January 19, 2011 EditionAlso in this issue...
WR assessing needs of city
At the Walnut Ridge City Council meeting on Jan. 11, Mayor Don House congratulated new members of the city council saying, "The people of Walnut Ridge have put their confidence in you and me, and especially in those who were re-elected to the council. We will do the best job we can and give our citizen's 110 percent of what talents we have to offer - we have a lot before us this year."
New aldermen are Rob Combs, Mike Phillips and Ed Lawson.
"Because it is the first of the year, the budget will be strained for a couple of months," he added. "We will try to be frugal and still address the city's needs as we can."
"There is a lot we want for the city, but the city's needs will have to be addressed first," he said. He added that he wants to set a high ethical tone for city officials and all their appointments.
"All police officers will be drug tested in order to give citizens more confidence in their police department, and I want all city employees to have random drug testing done from time to time," said House.
House and the council immediately went to work on finding funding needed for the purchase of a needed fire truck, police car, new roof for fire station number three on East Main, and a $5,000 donation to the Lawrence County Chamber of Commerce who plans to hire a part-time economic development director.
The fire department's immediate needs are replacing or repairing a truck and a new roof for station three.
Alderman Wendell Jones, chair of the fire committee, told the council the fire department would like to buy a rescue truck instead of another fire truck to replace a pumper truck that needs between $37,000 and $50,000 to repair.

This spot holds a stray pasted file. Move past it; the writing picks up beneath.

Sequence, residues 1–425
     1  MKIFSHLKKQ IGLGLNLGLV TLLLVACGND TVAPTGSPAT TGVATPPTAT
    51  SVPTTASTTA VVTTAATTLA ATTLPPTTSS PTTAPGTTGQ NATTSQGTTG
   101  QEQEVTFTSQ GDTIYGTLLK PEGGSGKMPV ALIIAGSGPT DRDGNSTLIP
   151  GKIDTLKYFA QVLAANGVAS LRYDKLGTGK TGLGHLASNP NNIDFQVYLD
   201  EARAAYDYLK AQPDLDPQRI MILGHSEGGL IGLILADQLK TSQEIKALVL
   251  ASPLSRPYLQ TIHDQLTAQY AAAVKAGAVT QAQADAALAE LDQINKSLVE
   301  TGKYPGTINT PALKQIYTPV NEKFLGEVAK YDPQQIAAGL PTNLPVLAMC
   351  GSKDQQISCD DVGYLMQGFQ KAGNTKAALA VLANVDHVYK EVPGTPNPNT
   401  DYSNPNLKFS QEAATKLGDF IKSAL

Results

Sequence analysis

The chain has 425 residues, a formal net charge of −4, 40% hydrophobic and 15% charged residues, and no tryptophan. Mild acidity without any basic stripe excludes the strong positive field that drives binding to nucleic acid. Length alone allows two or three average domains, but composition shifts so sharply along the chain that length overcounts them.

"Going this route will not affect our ISO rating," said Fire Chief Frank Owens. "A rescue truck model from 1997-2011 would cost $50,000 to $60,000. We need to see how much the company would give us as a trade-in on the old truck."
Owens said he will bring those figures to next month's council meeting. Further action was tabled until then.
"The roof at station three is badly in need of repairs," Chief Owens said. "It has been leaking since we moved to our new location. The water leaks onto our trucks and equipment and has damaged the bathroom and one of the interior rooms."
A new metal roof would cost between $9,000 and $12,000 dollars and should last for a really long time, according to Owens. He said if the city pays for the roof, the fire department and the volunteer firemen can pay for the work to repair the damages on the inside of the building.
The council voted to replace the roof as soon as Mayor House feels the city can afford it.
The police department's need for new cars was then addressed.
"The city currently has eight police cars, including two 2010 Dodge Chargers paid for with grant money last year," Mayor House said. "The other vehicles have a lot of miles on them, and three of them are either in need of repairs or are currently being repaired."